Formulation and Delivery of Splice-Correction Antisense Oligonucleotides by Amino Acid Modified Polyethylenimine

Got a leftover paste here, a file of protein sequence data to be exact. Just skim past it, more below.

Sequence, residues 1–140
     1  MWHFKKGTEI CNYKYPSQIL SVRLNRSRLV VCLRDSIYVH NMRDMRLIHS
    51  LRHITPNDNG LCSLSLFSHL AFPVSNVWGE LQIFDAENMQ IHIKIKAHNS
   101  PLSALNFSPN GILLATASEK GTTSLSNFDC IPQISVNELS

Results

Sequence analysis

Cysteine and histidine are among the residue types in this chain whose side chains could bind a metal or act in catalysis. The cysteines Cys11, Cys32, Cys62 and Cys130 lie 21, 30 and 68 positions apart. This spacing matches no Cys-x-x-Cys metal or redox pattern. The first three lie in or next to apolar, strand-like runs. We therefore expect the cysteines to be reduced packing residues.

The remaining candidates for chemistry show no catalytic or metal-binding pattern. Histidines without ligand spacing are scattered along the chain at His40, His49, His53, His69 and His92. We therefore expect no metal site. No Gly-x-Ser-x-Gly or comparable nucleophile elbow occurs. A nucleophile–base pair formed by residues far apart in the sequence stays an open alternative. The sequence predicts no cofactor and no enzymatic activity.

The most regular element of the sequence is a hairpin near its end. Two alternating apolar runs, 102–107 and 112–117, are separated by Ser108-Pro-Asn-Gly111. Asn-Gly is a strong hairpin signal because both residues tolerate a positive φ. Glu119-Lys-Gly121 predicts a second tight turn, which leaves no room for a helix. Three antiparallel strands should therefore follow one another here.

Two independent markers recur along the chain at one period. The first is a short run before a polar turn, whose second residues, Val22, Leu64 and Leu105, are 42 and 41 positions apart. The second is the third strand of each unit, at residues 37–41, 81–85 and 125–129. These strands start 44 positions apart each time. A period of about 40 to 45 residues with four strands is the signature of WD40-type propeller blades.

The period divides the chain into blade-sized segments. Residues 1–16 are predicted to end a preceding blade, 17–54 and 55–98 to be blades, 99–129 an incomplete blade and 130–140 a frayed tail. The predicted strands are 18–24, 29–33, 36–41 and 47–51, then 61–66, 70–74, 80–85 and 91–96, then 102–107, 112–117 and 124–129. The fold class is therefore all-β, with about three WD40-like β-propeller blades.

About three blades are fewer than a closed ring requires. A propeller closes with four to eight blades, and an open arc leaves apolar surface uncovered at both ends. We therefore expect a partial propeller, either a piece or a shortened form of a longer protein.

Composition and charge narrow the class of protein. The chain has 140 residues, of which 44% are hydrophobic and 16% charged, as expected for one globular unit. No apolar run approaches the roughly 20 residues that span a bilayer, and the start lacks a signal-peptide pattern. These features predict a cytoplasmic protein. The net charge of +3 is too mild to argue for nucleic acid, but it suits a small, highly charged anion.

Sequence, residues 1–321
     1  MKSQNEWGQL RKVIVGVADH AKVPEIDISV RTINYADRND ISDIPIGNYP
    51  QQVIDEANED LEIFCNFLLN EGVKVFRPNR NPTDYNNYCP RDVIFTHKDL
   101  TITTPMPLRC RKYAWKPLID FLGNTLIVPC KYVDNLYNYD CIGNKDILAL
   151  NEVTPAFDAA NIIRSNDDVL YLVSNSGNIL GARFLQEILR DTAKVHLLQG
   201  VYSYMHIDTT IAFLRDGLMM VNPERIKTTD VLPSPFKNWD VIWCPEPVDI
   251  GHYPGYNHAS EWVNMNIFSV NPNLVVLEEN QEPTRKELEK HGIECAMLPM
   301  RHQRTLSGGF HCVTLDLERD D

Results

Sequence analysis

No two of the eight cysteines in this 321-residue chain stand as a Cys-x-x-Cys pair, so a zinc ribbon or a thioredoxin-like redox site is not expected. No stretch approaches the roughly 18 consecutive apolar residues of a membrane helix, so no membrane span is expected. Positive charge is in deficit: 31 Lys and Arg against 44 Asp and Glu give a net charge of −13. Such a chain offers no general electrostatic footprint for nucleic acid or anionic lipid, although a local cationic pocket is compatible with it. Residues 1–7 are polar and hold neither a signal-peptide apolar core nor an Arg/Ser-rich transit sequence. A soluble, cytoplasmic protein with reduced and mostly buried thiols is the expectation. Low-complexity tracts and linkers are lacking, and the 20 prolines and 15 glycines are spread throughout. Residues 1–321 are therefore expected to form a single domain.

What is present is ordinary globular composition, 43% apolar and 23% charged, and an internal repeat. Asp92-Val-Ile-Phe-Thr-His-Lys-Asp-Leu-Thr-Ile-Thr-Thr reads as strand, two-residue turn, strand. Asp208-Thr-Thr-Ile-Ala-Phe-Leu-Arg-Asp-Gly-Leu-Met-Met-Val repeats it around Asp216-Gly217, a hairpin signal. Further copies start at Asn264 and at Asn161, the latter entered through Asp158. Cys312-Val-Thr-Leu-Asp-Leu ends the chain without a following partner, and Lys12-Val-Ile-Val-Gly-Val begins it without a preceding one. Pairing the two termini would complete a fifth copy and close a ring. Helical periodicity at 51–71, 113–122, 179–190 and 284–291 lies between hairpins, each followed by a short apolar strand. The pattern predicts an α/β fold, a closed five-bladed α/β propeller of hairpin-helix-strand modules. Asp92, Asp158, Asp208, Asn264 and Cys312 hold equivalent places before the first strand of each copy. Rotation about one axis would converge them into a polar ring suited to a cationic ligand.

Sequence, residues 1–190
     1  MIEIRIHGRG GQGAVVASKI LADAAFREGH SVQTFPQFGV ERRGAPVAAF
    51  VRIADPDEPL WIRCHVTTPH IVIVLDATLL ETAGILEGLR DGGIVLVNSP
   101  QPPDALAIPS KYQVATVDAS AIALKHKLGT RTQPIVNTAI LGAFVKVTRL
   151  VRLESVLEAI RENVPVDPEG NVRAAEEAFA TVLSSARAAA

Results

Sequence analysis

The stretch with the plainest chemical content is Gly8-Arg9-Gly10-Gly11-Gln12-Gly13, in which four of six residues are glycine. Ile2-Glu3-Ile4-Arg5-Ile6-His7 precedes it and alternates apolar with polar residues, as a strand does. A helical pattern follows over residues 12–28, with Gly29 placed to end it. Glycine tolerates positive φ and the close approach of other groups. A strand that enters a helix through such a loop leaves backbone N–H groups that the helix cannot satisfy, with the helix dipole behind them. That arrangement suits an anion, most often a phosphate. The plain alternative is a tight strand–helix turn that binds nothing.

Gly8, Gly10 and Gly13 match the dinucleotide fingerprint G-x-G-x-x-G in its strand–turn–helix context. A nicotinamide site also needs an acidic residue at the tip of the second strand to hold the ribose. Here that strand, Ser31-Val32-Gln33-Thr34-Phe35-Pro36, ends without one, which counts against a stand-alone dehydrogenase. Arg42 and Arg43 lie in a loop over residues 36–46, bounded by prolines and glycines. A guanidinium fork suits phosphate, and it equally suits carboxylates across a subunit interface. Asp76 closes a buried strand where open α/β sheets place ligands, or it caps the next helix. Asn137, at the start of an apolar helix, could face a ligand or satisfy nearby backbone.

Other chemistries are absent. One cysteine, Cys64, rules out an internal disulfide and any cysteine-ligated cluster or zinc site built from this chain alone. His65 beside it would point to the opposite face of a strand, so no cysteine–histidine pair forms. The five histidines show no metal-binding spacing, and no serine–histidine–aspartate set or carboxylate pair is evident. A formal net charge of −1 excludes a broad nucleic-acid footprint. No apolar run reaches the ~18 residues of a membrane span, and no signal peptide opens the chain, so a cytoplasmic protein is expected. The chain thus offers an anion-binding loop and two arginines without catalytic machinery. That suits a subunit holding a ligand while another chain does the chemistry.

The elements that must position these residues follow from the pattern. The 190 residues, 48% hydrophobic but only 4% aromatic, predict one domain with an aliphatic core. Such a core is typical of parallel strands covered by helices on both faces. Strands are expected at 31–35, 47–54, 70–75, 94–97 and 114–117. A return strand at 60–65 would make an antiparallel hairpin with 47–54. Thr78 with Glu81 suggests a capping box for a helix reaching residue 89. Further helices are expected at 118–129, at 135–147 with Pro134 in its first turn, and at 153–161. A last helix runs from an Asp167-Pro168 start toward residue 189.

Splice-correcting phosphorothioate RNA antisense oligonucleotides with 2′-O-methyl modifications (ASO) are promising therapeutic agents for several disorders caused by aberrant splicing. However, their usefulness is hindered by the lack of efficient delivery. Unmodified 25 kDa polyethylenimine (PEI) has shown potential for plasmid delivery but seems to be less efficient for short nucleic acid sequences. Herein, we have evaluated several amino acid modified PEI molecules as carriers for ASO. By characterization of their properties, such as size, stability and transfection into mammalian cells, we have identified tyrosine-modified PEI (PEIY) as an efficient ASO delivery system. HeLa705 cells containing an aberrant luciferase gene, interrupted by a mutated β-globin intron, were used to assess the splice correction effectiveness mediated by the various modified PEI/ASO polyplexes. PEIY has a self-assembly nature, as opposed to the highly cationic parent polymer, which is relevant for the stability of the PEIY/ASO complexes. As a result, at an optimal ratio of 20:1 (+/−), the complexes that formed significantly corrected the splicing on both the mRNA and the protein levels. ASO formulated with PEIY enhanced luciferase activity up to 450-fold. This increase was three times higher than that produced by the commercially available transfection agent Lipofectamine. PEIY/ASO polyplexes resulted in at least 80% correct splicing of the transcript. Moreover, extremely low doses of ASO (0.025 μM) showed significant splice correction represented by 150-fold increase of luciferase activity and 47% mRNA correction. Our findings suggest key parameters for formulating active complexes and reveal a new platform that can be further developed for ASO in vivo targeting.